Antoine Sollacaro shooting: France targets Corsica gangs
French Prime Minister Jean-Marc Ayrault has announced new measures to tackle organised crime in Corsica.
The move comes six days after the murder of a prominent lawyer, shot in his car on his way to work.
Mr Ayrault said emphasis would be placed on fighting money-laundering and racketeering by criminal gangs, notably in property development.
Gang warfare on Corsica has resulted in the island having the highest murder rate in Europe.
"Business and financial affairs are behind most of the homicides," Mr Ayrault said.
He also promised police would be given more resources to "identify mafia networks and investigate the movement of assets and irregular financial transactions".
Critics say organised crime has flourished in Corsica because there is little coordination between the different branches of the security services.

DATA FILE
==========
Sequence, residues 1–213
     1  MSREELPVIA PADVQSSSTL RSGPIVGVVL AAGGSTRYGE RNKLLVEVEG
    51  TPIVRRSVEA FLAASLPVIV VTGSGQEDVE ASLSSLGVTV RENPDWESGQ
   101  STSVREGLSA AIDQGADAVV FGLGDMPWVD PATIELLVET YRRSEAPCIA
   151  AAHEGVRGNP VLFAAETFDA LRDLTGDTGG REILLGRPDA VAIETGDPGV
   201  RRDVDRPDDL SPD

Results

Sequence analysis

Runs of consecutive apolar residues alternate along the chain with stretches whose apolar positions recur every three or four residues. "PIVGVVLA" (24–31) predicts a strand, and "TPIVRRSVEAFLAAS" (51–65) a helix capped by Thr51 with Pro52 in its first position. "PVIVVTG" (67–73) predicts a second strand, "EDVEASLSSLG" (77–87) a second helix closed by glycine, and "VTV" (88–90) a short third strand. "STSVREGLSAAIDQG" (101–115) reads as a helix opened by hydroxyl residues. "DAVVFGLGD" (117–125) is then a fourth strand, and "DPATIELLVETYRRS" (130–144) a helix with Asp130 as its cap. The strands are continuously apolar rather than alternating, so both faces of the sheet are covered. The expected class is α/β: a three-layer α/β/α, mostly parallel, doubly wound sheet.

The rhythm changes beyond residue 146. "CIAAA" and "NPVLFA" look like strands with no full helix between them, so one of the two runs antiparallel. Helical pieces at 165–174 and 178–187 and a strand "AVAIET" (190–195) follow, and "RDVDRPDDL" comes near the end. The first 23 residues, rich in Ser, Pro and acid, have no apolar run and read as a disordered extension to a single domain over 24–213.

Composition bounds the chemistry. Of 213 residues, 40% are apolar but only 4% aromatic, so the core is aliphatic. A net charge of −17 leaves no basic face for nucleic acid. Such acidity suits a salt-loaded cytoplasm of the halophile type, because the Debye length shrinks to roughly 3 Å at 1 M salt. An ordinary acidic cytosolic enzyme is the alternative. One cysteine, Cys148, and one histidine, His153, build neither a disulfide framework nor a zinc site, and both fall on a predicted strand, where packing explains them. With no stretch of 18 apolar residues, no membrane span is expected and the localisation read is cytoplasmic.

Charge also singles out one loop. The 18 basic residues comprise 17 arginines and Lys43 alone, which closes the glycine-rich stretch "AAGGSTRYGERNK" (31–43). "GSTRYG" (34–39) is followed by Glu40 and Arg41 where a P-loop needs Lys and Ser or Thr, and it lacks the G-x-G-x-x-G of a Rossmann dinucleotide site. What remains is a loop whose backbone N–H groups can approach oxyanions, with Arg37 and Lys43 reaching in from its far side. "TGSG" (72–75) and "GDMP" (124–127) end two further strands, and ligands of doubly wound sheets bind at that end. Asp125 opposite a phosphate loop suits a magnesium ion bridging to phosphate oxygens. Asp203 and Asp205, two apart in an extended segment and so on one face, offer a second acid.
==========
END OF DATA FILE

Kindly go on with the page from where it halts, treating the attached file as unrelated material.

Mr Ayrault has promised to address this failing. He is to establish a system of regular meetings in a bid to speed up investigations.
Antoine Sollacaro, a lawyer who was a leading figure in the Corsican nationalist movement, was shot dead six days ago.
He was the 15th person to be murdered on the island this year.
Since the start of 2011 there have been 37 murders and 117 attempted murders, more per capita than anywhere else in Europe.
The chief prosecutor on the island, Xavier Bonhomme, has told French media nearly all the killings are directly related to organised crime.
He said it had proved difficult to prosecute murders because of an unwillingness to give evidence in court, blamed on a very strong code of silence, grounded part in tradition and part in fear.
Mr Bonhomme said that, to solve Corsica's problems, resources had to be concentrated on the investigation of the finances behind the criminal activity.
He claimed that there were too many luxury cars on the island for its relatively small official financial output.
Gangsters are thought to be making large investments in property both in Corsica and on the mainland.
To date, investigations had been limited to the crimes themselves, and had not reached the source of the vast amounts of dirty cash the criminals were handling, Mr Bonhomme added.